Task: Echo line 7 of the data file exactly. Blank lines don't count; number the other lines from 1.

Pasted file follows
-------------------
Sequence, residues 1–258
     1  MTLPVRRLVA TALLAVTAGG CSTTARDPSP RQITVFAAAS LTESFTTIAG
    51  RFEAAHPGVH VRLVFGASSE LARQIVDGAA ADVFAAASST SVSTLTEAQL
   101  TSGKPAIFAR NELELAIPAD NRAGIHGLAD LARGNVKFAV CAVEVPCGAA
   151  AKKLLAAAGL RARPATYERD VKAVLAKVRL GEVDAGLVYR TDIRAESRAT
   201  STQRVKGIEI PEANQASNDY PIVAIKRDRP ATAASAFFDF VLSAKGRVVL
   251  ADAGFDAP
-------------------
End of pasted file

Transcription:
   251  ADAGFDAP